Breast Cancer Risk Could Be Greater In Areas With High Pollution, Study Suggests

It was associated with 'high breast density'.

Women who live in areas of high pollution may have an increased risk of developing breast cancer, a new study suggests.

Researchers said living in areas with a high level of fine particles from air pollution may increase the chance of having dense breasts.

Those who are deemed to have “high breast density’’ are at a significantly higher risk of developing breast cancer than others.

In response to the findings, experts from breast cancer charities said it is a “complex disease” and therefore it isn’t possible to pinpoint any one cause.

The study, published in the journal Breast Cancer Research, examined data from nearly 280,000 women in the US with an average age of 57.

Participants all had a mammogram at facilities taking part in the Breast Cancer Surveillance Consortium from 2001 to 2009.

Six in 10 lived in urban areas and the rest lived in the countryside.

Researchers found women with dense breasts were 19% more likely to have been exposed to higher concentrations of fine particle matter (PM2.5)

For every one unit increase in PM2.5, a woman’s chance of having dense breasts was increased by 4%, they said.

Dr Lusine Yaghjyan, lead author from the University of Florida, said: “Our findings suggest that previously reported geographic variation in breast density could, in part, be explained by different air pollution patterns in urban and rural areas.

“Breast density is a well-established and strong breast cancer risk factor so future studies are warranted to determine if the observed associations are causal, which if confirmed may have implications for risk prevention.”

Baroness Delyth Morgan, chief executive at the charity Breast Cancer Now, said: “This is a thought-provoking finding, however the direct association between air pollutants and breast cancer risk remains unclear.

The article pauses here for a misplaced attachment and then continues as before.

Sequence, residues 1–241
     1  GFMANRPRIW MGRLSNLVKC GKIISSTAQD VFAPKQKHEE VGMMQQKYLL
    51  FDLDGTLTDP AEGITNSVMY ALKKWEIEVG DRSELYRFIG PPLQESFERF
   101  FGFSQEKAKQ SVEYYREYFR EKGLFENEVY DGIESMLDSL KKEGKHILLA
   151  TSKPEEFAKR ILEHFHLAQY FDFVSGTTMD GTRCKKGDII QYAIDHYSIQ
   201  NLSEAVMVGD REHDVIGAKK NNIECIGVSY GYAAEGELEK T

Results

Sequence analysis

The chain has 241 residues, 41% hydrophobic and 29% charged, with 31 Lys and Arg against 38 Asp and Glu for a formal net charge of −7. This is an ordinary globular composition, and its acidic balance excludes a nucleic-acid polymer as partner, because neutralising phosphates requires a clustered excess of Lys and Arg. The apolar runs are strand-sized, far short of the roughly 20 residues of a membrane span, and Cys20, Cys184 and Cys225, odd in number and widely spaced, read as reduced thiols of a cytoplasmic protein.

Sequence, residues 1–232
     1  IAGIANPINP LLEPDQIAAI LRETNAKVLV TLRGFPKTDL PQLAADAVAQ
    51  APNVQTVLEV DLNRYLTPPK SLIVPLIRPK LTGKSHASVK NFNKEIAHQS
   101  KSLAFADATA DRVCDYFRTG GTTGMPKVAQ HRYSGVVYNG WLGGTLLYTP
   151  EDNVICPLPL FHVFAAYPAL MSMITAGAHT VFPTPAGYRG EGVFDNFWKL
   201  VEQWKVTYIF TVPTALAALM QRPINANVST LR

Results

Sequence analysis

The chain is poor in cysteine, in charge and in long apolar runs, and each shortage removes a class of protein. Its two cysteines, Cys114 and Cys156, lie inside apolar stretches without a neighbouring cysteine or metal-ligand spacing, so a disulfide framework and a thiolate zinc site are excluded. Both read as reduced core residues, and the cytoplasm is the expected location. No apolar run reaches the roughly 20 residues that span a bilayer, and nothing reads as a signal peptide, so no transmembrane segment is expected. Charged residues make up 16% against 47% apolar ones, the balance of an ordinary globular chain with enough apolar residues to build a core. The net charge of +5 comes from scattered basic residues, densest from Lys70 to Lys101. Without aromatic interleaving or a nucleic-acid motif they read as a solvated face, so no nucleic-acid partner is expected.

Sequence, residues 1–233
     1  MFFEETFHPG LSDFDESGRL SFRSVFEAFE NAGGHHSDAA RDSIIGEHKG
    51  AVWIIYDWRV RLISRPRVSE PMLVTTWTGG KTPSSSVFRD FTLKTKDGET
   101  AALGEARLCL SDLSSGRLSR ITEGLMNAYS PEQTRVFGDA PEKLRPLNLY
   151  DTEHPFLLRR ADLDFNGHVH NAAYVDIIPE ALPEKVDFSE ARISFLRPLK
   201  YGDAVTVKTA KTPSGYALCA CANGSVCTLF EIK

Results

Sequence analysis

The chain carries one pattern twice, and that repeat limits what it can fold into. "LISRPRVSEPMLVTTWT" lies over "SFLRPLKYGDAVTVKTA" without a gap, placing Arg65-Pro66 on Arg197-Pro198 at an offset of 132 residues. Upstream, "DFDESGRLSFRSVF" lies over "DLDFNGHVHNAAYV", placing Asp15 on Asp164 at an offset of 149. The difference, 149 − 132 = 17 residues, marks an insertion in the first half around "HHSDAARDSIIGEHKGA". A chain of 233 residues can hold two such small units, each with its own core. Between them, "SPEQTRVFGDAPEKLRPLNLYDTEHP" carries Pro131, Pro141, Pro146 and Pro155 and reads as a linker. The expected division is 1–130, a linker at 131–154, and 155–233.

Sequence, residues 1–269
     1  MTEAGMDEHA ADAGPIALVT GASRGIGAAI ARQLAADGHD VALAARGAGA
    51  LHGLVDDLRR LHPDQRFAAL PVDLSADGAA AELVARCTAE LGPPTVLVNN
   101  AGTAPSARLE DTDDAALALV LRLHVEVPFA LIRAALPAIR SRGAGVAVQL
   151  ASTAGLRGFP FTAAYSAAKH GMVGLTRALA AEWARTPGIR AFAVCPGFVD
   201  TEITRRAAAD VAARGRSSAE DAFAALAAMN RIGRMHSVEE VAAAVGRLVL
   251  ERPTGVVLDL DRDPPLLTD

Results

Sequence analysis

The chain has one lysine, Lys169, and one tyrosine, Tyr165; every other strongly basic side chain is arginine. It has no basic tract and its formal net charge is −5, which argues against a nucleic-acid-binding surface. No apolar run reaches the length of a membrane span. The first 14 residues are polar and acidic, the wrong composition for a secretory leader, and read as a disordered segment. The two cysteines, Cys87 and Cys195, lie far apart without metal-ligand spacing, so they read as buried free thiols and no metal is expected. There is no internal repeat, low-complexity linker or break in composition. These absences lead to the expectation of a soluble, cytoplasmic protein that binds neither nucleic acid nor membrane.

“The evidence in this study linking air pollution to the highest levels of breast density was inconclusive and so further research is now needed.

“What these findings clearly demonstrate is the need for us to continue investing in studies like these which aim to pinpoint the contributing causes of breast cancer.

“Breast density is an important risk factor in the development breast cancer. While research is yet to determine how women might reduce their breast density, we do know that there are simple steps all women can take to reduce their risk of breast cancer, such as being physically active, maintaining a healthy weight and reducing alcohol intake.”

Catherine Priestley, clinical nurse specialist at the charity Breast Cancer Care, added: “Having dense breasts is a known risk factor for breast cancer, so new insight into how this might be influenced by external causes such as air pollution is welcome.

“However, we cannot look at this in isolation. Breast cancer is a complex disease, and it is not possible to pinpoint any one cause.

“Women call our Helpline every week with anxieties about getting breast cancer and what they can do to avoid it. So it’s important to stress that, while studies like this are interesting, the main risk factors for breast cancer remain outside our control – being female, getting older and, for some, a significant family history of the disease.”

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